Illinois Ends Two-Year Budget Battle After Chemical Scare

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By Michael J. Bologna

For the first time in two years Illinois has a comprehensive strategy to collect revenue and fund state government after House lawmakers July 6 overrode Gov. Bruce Rauner’s (R) veto of a fiscal year 2018 budget bill.

In a rebuke to Rauner, a political newcomer and a Republican in a state filled with Democrats, members of the House revived Senate Bill 9, a revenue bill raising $5 billion through a permanent income tax increase. House members voted 71-42 to override Rauner’s veto. The Senate voted to override July 4 by a vote of 36-19.

More than a dozen Republicans abandoned Rauner and supported the tax increase, frustrated with a vicious political feud that racked up $15 billion in unpaid bills and threatened to push the state’s debt into junk bond territory.

“We all understand where we are, we are looking into an abyss, a financial abyss,” said Rep. David Harris (R), who called on fellow Republicans to join him. “The state is imploding financially and action is required.”

Rauner issued a statement lamenting that “today was another step in Illinois’ never-ending tragic trail of tax hikes. Speaker Madigan’s 32 percent permanent income tax increase will force another tax hike in the near future.”

Chemical Lockdown

The drama across the Illinois state capitol continued even as lawmakers gathered to cast their votes.

The House session was delayed for two hours after public safety personnel put the capitol complex on lockdown and a hazardous material crew searched the building. The scare was triggered when a woman allegedly tossed a chemical substance into Rauner’s offices in the capitol. No injuries were initially reported and the perpetrator was quickly arrested.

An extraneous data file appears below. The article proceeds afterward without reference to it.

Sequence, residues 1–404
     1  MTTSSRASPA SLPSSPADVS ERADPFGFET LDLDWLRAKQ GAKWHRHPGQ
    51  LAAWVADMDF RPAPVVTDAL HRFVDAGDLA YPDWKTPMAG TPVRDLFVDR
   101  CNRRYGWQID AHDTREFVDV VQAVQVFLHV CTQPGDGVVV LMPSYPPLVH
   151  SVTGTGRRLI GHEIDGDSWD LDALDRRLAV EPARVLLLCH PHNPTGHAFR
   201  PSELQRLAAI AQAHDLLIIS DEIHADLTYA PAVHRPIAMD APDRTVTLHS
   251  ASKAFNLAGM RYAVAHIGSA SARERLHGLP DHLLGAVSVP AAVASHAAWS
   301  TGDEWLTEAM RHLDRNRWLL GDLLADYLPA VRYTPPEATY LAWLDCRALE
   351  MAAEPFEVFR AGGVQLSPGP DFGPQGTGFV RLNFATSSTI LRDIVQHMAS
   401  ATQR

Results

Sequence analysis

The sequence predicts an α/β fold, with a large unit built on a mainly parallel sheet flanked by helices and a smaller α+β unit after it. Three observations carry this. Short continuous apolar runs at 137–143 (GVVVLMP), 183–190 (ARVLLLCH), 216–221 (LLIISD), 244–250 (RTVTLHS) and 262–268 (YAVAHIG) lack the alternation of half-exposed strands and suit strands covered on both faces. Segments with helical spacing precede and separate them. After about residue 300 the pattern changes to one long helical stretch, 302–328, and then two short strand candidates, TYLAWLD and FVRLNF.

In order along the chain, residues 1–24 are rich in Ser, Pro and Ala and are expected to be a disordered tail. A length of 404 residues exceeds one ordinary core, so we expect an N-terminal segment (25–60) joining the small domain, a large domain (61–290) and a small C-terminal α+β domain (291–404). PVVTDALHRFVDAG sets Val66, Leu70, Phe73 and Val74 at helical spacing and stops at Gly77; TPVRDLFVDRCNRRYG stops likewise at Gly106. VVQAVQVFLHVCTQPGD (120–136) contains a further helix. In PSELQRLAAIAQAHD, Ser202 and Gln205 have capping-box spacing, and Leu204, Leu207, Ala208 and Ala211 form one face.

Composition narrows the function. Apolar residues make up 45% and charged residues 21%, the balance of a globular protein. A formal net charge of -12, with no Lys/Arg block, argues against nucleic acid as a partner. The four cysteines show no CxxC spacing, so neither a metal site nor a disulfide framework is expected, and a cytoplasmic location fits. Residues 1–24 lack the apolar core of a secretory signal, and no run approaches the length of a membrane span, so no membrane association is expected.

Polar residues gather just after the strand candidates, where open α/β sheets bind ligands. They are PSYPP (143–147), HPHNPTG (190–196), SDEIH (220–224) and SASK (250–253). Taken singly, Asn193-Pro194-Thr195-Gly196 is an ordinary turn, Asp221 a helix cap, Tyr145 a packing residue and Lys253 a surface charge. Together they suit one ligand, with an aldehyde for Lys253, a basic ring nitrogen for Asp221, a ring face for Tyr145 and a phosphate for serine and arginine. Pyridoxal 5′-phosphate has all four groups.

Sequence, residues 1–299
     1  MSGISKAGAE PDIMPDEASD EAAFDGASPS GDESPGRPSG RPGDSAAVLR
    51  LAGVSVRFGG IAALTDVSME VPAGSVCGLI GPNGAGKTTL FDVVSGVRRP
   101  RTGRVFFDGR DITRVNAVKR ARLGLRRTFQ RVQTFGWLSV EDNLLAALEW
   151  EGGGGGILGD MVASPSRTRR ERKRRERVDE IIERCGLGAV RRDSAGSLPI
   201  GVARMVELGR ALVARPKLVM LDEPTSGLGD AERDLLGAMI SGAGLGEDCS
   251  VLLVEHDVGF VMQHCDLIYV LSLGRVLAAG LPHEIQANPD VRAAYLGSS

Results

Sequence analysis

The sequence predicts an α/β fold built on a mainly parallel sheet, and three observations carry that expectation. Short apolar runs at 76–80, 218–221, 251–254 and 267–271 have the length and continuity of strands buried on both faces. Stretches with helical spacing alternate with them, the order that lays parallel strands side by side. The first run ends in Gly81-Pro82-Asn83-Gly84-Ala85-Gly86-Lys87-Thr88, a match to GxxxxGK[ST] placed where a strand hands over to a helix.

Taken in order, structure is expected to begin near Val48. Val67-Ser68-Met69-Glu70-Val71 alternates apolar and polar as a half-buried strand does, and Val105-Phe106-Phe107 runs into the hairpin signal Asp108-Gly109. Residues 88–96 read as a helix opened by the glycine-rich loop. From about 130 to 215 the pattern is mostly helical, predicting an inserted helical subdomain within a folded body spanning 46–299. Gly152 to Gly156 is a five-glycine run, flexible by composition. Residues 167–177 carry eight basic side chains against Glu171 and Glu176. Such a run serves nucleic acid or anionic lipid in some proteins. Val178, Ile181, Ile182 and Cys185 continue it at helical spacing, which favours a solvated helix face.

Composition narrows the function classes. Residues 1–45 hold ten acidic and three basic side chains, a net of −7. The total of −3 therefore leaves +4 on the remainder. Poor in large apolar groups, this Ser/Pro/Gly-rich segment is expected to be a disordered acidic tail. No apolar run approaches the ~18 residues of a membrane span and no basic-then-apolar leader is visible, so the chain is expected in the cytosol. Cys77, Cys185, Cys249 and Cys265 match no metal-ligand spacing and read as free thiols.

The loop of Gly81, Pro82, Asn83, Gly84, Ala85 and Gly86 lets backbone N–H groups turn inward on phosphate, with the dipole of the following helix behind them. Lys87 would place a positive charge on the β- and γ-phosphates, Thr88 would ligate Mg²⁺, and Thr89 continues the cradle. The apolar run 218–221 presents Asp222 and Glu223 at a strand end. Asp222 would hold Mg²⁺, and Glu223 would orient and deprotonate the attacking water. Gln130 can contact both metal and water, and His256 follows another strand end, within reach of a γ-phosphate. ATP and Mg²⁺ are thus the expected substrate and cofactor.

Historical Standoff

Illinois hasn’t had a conventional budget since June 30, 2015. Rauner has resisted any budget deal featuring tax increases unless Democrats agreed to a menu of cuts and government program reforms aimed at improving business conditions.

Under S.B. 9, the corporate income tax rate would rise to 7 percent from 5.25 percent, generating approximately $500 million annually. The personal income tax rate would be raised to 4.95 percent from 3.75 percent, generating almost $4.5 billion annually. The tax hikes would commence retroactive to July 1, the first day of the fiscal year.

Several organizations thanked lawmakers for making hard choices to end the impasse.

“We appreciate that the General Assembly successfully worked for a comprehensive budget solution—including enhanced revenues—without damaging cuts to healthcare,” said A.J. Wilhelmi, president and CEO of the Illinois Health and Hospital Association. “A full state budget helps support healthcare as well as critical social services provided in communities across the state.”

To contact the reporter on this story: Michael J. Bologna in Chicago at

To contact the editor responsible for this story: Ryan C. Tuck at

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